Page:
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David Hockney (born 1937), Per Kirkeby (1938) and Richard Long (1945) have all been around long enough to play a full part in the attention-deficit world of late-20th-century art. Hockney and Kirkeby both started out in the Pop Art movement but now, in their seventies, age and perhaps experience have turned them into practitioners of that most humble and dismissed of genres — landscape art. Long, on the other hand, has known nothing else. And while there is something elegiac about these artists of a certain age returning to nature there is nothing maudlin or nostalgic about the work they are producing.

The least known of the three, to a British audience, is Kirkeby. Although he has long been considered Denmark's greatest living artist, the exhibition opening this month at Tate Modern is the first major survey of his work here. This is surprising because Kirkeby is an exceptionally varied and interesting artist. His pieces include bronze sculptures, architectural brick constructions, paintings on hardboard, blackboard and canvas, and he is also a well-regarded poet and critic. 

Kirkeby describes his art as a "natural-historical process" and it occupies a point between abstraction and representation. His landscapes since the 1980s are not in any way topographical but amalgamations of near nature motifs — slashes of foliage, the striations of rocks, leaden reflections in water. Together they add up to not grand views, but the dank and mulchy crevices of mountains and woods where nature is often in shadow.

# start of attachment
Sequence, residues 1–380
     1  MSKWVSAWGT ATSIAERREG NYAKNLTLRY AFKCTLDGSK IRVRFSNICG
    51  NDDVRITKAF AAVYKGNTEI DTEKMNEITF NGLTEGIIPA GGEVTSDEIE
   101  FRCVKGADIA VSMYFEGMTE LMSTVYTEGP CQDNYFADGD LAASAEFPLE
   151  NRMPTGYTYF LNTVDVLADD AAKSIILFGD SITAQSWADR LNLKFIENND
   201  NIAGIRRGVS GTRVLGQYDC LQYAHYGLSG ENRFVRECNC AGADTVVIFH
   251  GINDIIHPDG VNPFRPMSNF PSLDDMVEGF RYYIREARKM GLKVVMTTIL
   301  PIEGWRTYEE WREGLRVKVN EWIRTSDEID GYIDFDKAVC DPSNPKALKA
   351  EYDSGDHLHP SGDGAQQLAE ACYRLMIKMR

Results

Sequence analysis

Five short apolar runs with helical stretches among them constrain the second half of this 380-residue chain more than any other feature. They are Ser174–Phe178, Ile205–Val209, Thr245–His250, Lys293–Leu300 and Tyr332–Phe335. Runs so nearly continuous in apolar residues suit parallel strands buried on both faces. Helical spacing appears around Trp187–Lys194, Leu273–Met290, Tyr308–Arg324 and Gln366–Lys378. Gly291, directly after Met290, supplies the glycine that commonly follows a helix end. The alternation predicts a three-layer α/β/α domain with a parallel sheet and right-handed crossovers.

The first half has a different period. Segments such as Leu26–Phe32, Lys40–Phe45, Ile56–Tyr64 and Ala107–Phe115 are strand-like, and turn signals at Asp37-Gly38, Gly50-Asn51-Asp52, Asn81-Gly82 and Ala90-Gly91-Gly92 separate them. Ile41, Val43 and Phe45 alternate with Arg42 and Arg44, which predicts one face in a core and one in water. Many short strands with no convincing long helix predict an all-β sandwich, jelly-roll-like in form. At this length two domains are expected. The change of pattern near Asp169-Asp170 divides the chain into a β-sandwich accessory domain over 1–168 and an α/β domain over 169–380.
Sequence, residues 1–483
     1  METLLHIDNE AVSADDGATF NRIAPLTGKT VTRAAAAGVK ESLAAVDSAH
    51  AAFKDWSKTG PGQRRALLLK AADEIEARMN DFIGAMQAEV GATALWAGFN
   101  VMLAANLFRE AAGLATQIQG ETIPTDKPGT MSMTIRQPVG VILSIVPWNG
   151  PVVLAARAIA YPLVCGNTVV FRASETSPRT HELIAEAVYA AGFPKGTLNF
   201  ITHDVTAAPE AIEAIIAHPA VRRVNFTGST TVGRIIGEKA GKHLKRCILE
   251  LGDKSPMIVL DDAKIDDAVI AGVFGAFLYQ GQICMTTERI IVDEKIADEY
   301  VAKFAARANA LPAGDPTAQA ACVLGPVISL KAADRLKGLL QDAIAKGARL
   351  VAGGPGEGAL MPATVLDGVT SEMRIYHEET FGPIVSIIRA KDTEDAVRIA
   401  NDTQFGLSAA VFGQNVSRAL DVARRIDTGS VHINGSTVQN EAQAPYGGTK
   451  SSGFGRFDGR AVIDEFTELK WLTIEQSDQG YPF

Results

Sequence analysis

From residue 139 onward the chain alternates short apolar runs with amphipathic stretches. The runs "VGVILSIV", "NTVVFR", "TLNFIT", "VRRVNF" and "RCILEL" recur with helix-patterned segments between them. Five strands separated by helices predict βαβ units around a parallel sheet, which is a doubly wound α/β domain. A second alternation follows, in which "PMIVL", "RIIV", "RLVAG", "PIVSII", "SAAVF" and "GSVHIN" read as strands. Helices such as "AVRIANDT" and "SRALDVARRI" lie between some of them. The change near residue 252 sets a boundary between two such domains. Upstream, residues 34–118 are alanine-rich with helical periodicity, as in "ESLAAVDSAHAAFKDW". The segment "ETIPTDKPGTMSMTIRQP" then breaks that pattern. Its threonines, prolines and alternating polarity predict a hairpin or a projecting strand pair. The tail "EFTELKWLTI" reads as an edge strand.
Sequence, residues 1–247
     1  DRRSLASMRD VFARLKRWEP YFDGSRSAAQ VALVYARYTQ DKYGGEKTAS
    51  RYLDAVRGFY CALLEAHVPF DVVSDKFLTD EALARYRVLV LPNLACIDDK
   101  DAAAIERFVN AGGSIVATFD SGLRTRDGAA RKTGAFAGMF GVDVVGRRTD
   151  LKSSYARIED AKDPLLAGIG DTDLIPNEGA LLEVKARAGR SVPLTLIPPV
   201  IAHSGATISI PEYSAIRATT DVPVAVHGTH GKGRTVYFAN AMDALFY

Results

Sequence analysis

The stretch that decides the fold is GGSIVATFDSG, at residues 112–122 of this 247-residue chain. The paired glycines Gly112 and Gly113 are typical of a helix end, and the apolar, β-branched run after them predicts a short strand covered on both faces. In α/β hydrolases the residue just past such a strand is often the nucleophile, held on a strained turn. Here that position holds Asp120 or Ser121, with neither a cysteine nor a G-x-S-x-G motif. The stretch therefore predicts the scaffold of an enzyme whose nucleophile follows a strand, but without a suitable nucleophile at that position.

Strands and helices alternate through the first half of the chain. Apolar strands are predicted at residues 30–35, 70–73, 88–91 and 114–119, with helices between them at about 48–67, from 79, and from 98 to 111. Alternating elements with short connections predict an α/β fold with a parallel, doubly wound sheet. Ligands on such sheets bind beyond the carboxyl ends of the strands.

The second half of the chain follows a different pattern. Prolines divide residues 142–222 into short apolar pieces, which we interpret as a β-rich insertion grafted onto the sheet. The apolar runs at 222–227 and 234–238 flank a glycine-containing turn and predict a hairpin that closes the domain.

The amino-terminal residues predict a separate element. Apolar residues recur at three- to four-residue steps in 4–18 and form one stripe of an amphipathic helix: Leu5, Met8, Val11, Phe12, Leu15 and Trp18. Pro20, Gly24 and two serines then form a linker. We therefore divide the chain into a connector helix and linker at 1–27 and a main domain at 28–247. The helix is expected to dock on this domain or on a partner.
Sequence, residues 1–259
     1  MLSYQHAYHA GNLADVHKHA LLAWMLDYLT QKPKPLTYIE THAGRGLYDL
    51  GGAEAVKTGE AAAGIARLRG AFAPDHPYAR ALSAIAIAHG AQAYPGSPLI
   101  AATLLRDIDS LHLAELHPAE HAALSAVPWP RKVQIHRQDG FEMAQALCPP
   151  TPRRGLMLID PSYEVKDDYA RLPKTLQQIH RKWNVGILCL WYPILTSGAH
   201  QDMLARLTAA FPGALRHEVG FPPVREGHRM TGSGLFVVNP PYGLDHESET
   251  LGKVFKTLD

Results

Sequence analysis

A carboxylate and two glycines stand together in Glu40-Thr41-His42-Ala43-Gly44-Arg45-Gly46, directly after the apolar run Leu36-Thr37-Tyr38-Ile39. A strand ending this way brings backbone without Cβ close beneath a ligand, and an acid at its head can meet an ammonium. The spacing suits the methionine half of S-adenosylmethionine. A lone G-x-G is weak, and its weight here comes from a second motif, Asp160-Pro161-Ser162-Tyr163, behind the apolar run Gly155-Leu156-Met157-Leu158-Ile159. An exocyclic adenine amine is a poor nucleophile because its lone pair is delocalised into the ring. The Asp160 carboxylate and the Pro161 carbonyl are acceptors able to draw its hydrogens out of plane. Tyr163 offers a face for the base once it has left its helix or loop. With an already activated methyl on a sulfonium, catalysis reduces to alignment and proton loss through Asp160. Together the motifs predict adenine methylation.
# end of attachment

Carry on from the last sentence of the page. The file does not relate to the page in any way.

The key to his vision is that before he became an artist he trained as a geologist and it gave him a distinct eye for pattern and texture in close up: he sees the world as strata. Study his paintings (Kirkeby himself is no help, he rarely gives his work titles and he says of his interpreters "They will never catch me") and the flecks, veining and granularity of rocks are apparent everywhere.

He is also art historically literate and his pictures are full of echoes of his favourite painters: the blurred forms hint at El Greco, the rich, saturated colours at Van Gogh, the inherent northern Romanticism at Caspar David Friedrich and, although never stated as an influence, there is frequently an acidity and spikiness redolent of Graham Sutherland. Buried in the pictures too are more explicit symbols — drinking vessels from a Dutch still life, planks of wood whose heavy graining is borrowed from Cubism and frequently, without explanation, rudimentary huts, a symbol of man in nature. 

This strange mishmash makes for an entirely individual pastoral. His are pictures worth looking at long and hard. Although they seem to have been painted quickly they have had lengthy gestations that give them a beguiling and rewarding complexity, a sense of depth and purpose beneath the surface patterning. 

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